AT last - major improvements at Gloucestershire’s busiest roundabout are set to happen.
A park and ride for 1,000 vehicles, junction improvements and more bus priority measures are on the way to cut congestion on the three lane Elmbridge Court roundabout.
It’s a key junction on the A40 for Gloucester, Forest of Dean, Cotswolds and Cheltenham traffic and improvements have been called for, for more than a dozen years.
A planning application has been submitted by Gloucestershire County Council for its estimated £16.5 million Elmbridge Transport Scheme.
Commuters who sit in long queues every day are hopeful it will be complete as soon as possible.
“It’s been ages since this was first knocked about and if you ask anyone in a queue around that roundabout, they will tell you it needs some big changes,” said commuter Pete Smith, who travels from the Newent area to Cheltenham five days a week.
It’s also one of the county’s most dangerous junctions, with dozens of collisions recorded by Crashmap.com there since 2005.
In December 2011, the Department for Transport (DfT) awarded Gloucestershire County Council £14.1m towards building the so-called Elmbridge Transport scheme.
A consultation was carried out with residents early in 2013 and the county council’s cabinet agreed the scheme could be progressed later that year.
The scheme includes major junction improvements at Elmbridge Roundabout, bus priority measures to improve services between Cheltenham and Gloucester and a 1,000-vehicle park and ride at Elmbridge Court on a seven hectare site.
The project includes the construction of a new bus gate and bus lane on the A40 westbound carriageway as it approaches the Arle Court Roundabout at the Cheltenham end of the Golden Valley road.
The changes are designed to encourage commuters to use buses instead of cars, to reduce congestion and cut vehicle emissions.
If all goes to plan, the park and ride site and improvements are likely to be complete by Autumn 2016. Costs over and above government funding would be met primarily from developer contributions, the council says.
The application will be assessed independently by the council’s planning committee.
Councillor Will Windsor Clive, cabinet member for planning and infrastructure, said: “This work forms part of our wider plans to improve the transport system in the county over the next few years.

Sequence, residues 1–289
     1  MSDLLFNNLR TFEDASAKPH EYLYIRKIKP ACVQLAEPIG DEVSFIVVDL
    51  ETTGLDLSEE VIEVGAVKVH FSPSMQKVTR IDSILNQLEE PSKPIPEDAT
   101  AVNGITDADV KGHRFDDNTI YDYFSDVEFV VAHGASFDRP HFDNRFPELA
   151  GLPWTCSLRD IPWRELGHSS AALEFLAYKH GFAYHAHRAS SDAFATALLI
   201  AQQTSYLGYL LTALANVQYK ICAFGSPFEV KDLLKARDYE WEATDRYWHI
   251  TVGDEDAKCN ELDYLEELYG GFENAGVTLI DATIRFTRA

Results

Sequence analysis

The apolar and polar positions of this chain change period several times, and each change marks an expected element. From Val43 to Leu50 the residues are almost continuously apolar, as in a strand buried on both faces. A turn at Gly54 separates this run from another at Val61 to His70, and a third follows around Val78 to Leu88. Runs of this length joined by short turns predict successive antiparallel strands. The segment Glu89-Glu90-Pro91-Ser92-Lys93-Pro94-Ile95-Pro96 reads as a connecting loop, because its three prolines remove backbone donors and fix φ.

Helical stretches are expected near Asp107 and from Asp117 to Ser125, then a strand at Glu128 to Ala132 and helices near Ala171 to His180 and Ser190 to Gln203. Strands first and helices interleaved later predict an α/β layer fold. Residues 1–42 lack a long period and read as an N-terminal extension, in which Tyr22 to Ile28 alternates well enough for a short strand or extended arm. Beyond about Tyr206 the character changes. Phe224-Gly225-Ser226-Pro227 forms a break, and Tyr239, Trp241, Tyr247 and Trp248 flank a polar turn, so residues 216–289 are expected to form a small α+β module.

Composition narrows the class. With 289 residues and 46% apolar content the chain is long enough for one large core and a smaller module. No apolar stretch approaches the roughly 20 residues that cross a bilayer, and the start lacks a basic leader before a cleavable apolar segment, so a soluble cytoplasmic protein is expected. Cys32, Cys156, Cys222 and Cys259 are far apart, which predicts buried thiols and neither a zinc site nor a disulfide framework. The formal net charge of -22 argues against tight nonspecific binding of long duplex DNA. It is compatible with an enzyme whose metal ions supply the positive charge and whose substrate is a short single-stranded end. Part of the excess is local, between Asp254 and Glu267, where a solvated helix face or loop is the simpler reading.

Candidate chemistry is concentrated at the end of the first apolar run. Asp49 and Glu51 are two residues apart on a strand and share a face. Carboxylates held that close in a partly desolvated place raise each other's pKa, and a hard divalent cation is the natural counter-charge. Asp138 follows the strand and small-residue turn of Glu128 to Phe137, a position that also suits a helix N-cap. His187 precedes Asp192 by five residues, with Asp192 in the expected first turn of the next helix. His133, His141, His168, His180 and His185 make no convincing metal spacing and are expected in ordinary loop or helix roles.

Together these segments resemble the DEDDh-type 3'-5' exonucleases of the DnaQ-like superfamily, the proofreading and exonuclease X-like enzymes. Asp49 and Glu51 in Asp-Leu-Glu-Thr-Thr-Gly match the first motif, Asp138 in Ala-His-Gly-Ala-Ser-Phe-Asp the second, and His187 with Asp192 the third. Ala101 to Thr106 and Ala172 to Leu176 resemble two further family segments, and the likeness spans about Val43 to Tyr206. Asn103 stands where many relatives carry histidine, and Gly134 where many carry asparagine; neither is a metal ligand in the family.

“There’s no doubt that this project will give the local construction industry a massive boost and, more generally, it signifies a long-term investment in the local economy designed to help the county to grow and thrive.”
In March 2013 when the city council’s planning committee was consulted on it, it was hoped the scheme would be completed by 2015.
It’s an improvement that has been called for, for more than a dozen years.
In 2001, Gloucester City Council, Gloucestershire County Council and Tewkesbury Borough Council appointed a consultant to assess seven possible new sites for park and rides to the east, north and west of Gloucester.
They were opposite Highnam Court at the A48/A40 junction, Linton Farm opposite the A40/B4215 junction, Richard's Wood off the Over Causeway on Alney Island, Drymeadow Farm at Innsworth off the A40 Northern Bypass, the DEFRA site off the Elmbridge Court roundabout, he Gloucester business park link road site, and Henly Bank, on the A46 at Brockworth. The Elmbridge site was favoured by consultants Halcrow.
In 2005 a scheme which included a park and ride at Elmbridge Court was proposed, but was shelved in 2010 by the Department of Transport, as a cost cutting measure.
A parkway railway station as part of that development was dropped too.
A decision by the planning committee is expected this summer, with design, procurement and funding approval by next Spring. Then construction work would start in Summer 2015, and it would be ready by Autumn 2016.